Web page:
First of all, despite requests to the contrary, the University was adamant that Milo Yiannopoulos be allowed to speak, citing Berkeley’s commitment to free speech, although the administration noted that it was strongly opposed to his views and methods. The University took a number of precautions to assure the safety of all people involved, recognizing the inevitability of a protest.
On the day of Mr. Yiannopoulos’ visit, the campus was already buzzing with security and media, with helicopters flying over head, at 4:30 or so, hours before the event. A crowd began to gather and, although I was in class, I have heard from nearly all sources that the protest was entirely peaceful. As the campus grew dark, a group of black-clad, armed, self-proclaimed “anti-fascists” that authorities have determined were unassociated with the University or its student body showed up, stormed the barricades, broke windows, set off firecrackers, and built a bonfire. I know a number of students who left at this point and videos have shown that the vast majority of those that stayed remained bystanders and did not participate in the violence. Only at this point was the talk canceled, citing the danger to both students and Mr. Yiannopoulos.
This had already happened when I got out of class, but I can tell you what happened when I got back to my dorm. In the lobby I found a floormate of mine who had been coming back from class telling the others how he had been pepper-sprayed and beaten by one of the “anti-fascists” and called a Nazi. He’s a Syrian Muslim. He was not making it up; I saw the welts on his back. This is his Facebook post, with his name not included for anonymity:
“Last night as I was walking back to my dorm, I was abruptly approached by a man and told I “look like a Nazi”. The man then pepper sprayed me and beat me to the ground with a baton. This man was NOT a student at the university. I repeat he was NOT a student. I am certain that he belonged to a group of anarchists who solely wished to incite violence and crime at this protest.“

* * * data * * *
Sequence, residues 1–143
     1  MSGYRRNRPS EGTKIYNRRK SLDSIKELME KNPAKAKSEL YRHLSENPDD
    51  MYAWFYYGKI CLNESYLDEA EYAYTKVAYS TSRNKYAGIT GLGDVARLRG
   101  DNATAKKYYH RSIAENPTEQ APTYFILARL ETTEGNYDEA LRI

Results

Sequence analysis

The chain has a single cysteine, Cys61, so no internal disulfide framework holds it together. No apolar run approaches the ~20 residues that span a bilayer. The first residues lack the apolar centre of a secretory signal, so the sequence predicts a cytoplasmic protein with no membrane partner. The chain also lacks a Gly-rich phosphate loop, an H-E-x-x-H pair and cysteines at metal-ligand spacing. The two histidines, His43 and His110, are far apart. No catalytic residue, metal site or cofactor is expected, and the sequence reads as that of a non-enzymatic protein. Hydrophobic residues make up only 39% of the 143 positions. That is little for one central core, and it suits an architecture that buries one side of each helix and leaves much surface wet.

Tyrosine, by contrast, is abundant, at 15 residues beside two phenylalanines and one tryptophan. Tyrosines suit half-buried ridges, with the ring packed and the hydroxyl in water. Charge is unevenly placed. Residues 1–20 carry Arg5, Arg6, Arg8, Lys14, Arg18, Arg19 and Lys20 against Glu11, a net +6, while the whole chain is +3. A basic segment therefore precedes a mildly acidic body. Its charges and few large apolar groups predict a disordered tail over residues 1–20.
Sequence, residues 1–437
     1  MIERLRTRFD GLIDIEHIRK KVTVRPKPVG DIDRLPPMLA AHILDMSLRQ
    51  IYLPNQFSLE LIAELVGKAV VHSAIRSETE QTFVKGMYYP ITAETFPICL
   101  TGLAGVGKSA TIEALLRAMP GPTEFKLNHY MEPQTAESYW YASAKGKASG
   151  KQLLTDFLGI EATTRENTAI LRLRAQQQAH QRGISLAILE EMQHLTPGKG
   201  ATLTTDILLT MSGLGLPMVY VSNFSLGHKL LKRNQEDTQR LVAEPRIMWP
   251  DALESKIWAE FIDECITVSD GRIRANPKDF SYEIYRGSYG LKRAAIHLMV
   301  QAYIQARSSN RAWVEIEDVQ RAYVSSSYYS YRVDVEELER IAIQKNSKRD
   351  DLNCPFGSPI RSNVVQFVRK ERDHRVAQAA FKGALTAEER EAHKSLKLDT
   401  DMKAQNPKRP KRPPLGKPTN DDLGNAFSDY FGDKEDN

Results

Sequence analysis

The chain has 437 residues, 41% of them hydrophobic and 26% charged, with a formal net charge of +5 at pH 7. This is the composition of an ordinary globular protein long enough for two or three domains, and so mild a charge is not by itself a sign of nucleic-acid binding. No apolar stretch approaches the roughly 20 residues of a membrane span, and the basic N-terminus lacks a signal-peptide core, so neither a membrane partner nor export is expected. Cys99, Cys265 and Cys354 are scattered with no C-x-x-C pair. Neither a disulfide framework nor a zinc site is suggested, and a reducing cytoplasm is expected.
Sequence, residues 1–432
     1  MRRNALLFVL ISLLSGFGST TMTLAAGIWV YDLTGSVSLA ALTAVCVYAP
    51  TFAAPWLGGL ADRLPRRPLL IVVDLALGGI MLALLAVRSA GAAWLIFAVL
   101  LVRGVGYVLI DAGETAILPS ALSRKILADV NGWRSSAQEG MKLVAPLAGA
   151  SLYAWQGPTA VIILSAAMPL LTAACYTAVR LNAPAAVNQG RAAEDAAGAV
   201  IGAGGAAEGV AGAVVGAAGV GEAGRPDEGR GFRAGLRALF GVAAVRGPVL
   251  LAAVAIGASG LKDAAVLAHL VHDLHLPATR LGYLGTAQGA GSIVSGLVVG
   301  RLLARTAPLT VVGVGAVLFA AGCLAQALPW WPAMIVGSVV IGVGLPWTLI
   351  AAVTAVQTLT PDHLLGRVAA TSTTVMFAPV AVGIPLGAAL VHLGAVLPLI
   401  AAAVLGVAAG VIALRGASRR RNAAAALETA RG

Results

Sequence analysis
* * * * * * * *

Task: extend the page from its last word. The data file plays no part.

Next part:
Later that evening, I observed, from my dorm window, a crowd of individuals who did indeed appear to be students (though I cannot confirm this) marching through the streets of Berkeley with signs like “this is war,” causing some minor vandalism at a construction site across the street (pulling open barricades, knocking over small stacks of pipes – but no actual destruction). I have attached a picture I took to this email (sorry it’s rather blurry). I do indeed find it shameful that students would act in this way but I feel like it is balanced out by the students who later took to the street to clean up the mess, even though they had no part in it (the video is online).
To summarize: Yes, there were Berkeley students who engaged in riot-like behavior. However, they were unarmed and did not cause the damage that most news stories are portraying, e.g. the toppled floodlight or the broken windows. They were riled up by a group of unassociated “anti-fascists” intent on causing mayhem. The vast majority of students were peaceful protesters. Rather than assaulting freedom of speech, the University of California, Berkeley did everything in its power to allow Mr. Yiannopoulos to speak, even though they knew it could be dangerous. Claims that crowds of violent Berkeley students were intent on preventing free speech and causing destruction are simply incorrect and are slander on an institution that has been one of the greatest champions of free speech the world has known. The university has protests regularly, often quite well attended, that remain entirely peaceful.
I hope my views can shed some light on the events and I respectfully ask you to do all you can to set the record straight and tell people the truth. I know a number of people who want to give Berkeley the benefit of the doubt, but have simply been misinformed.